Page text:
With eyes and ears open, we have encountered a weird and wonderful land of extraordinary and enigmatic people conversing in a melodic and mysterious tongue. It is here that we have met and observed the baffling Basques, some of the earliest inhabitants of Europe, who possess unique physical characteristics, and speak a language with no connection to any other.
Even though the Basque Country has its own language and official flag, it is not technically a country with representation in the United Nations or Olympic Games. Instead, it is the name given to the home of the Basque people, straddling the border between France and Spain on the Bay of Biscay.
The Basques have inhabited this area continuously for millennia, and now remain the sole surviving relic of western Europe’s pre-Indo-European past. Based on old skull fragments, the Basques may even be the last surviving representatives of Cro-Magnon Man, Europe’s first human population.
Despite the profusely hairy backs we have observed on local beaches, a direct link between the Basques and Cro-Magnon Man has recently been called into question. DNA from ancient remains now suggest that the original Basques arose after Neolithic farmers from Asia Minor came to the area and coupled up with local hunter-gatherers some 7,000 years ago.
Since that time, the wild Basque tribes resisted conquest by the Romans, Visigoths, Franks, and Moors. Despite numerous invasions from these formidable adversaries, the Basques have preserved their autonomy, culture, and original language.
The Basques possess an atypical blood group that is unlike any other. They are built short and sturdy, with handsome faces distinguished by long straight noses, thick eyebrows, strong chins, and long earlobes, all capped by floppy black wool berets.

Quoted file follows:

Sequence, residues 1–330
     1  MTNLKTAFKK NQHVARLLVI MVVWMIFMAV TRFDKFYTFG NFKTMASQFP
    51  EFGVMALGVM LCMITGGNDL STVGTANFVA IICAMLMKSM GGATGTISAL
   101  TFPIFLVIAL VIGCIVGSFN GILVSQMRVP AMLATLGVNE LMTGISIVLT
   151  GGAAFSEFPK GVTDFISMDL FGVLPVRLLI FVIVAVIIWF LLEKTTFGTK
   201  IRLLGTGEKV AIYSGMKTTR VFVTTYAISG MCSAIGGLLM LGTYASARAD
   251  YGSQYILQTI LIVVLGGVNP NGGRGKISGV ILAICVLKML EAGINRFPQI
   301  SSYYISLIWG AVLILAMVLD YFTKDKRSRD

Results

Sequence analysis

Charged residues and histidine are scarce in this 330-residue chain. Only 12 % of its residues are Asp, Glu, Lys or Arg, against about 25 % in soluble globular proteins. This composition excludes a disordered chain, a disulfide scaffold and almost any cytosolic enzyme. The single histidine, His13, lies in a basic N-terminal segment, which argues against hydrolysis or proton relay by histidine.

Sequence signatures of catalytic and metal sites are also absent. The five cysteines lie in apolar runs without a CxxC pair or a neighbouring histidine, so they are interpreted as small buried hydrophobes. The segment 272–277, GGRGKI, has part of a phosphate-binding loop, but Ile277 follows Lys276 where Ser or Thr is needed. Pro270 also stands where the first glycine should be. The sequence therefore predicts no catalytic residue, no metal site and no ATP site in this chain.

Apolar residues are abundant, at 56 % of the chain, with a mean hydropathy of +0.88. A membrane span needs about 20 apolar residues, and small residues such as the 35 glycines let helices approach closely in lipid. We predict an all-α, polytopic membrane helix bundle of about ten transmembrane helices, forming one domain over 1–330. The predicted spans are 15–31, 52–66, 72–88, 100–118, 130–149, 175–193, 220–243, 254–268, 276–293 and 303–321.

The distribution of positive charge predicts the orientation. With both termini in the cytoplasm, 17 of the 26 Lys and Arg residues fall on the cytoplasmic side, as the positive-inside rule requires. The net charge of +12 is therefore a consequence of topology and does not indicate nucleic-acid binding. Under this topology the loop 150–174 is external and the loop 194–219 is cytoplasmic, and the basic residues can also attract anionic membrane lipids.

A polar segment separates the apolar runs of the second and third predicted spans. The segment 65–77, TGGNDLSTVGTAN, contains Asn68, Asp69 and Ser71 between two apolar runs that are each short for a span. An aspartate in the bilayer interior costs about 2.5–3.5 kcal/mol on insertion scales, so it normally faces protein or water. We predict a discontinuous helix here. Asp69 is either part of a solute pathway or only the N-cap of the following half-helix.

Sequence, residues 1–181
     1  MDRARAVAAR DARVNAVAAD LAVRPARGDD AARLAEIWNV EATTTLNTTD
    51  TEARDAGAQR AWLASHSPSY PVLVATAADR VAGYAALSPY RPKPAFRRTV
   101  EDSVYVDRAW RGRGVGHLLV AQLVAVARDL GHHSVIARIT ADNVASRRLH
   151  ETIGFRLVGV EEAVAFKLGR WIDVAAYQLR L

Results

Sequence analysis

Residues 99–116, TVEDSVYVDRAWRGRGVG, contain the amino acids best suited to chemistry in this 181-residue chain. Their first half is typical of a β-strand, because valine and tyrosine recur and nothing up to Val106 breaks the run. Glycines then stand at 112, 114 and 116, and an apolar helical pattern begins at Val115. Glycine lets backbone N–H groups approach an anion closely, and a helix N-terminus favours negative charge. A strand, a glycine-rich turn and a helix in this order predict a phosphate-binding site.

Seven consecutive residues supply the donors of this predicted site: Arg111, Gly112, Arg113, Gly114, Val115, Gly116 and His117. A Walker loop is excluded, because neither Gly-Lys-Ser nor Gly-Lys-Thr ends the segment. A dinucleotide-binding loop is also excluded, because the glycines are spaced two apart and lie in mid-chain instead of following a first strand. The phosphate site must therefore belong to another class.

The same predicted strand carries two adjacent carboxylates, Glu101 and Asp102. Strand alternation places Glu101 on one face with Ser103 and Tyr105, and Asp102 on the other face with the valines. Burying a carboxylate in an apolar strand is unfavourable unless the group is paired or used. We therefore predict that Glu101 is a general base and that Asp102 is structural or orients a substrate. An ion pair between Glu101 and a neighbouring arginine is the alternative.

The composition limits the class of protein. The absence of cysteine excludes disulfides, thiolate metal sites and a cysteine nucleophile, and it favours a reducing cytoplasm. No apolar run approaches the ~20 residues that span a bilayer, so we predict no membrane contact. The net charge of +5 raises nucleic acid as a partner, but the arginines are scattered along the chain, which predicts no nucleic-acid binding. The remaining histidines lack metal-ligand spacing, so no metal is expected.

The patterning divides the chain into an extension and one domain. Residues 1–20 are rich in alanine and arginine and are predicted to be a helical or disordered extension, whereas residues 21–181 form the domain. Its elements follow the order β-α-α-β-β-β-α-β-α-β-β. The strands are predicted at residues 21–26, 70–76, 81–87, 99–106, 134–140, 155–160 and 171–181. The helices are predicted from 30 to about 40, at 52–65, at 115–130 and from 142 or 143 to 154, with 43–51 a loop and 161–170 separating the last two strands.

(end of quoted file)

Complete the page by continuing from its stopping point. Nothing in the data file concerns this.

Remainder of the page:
The Basques are a hard-working people thriving upon the fertile rolling hills and bountiful seas. They even participate in sporting events derived from everyday chores, such as rowing regatta, wood chopping, log sawing, and stone block lifting.
In search of some answers about the Basque Country and its people, we visited the town of Guernica and the traditional heart of Basque nationalism. Guernica is home to the two most important political symbols of the Basque Country: the Assembly House where the autonomous Basques established their own set of laws, and the Tree of Guernica symbolizing the traditional freedoms of the Basque people.
We came to Guernica on a Monday to shop at its weekly market, and to remember the infamous aerial bombing that occurred here during the Spanish Civil War. On a busy Monday market day in April 1937, Nazi Germany in support of Franco’s Nationalist Army conducted the first saturation bombing raid on a residential center. Hitler’s horrific military experiment resulted in hundreds of civilian deaths and the destruction of 85% of the town’s buildings.
During Franco’s 36-year dictatorship, he attempted to snuff out the Basque culture, outlawing their flag and ancient language. As they have always done, the people fought back, resisted this invasion, and are now enjoying a local resurgence befitting of the baffling Basques.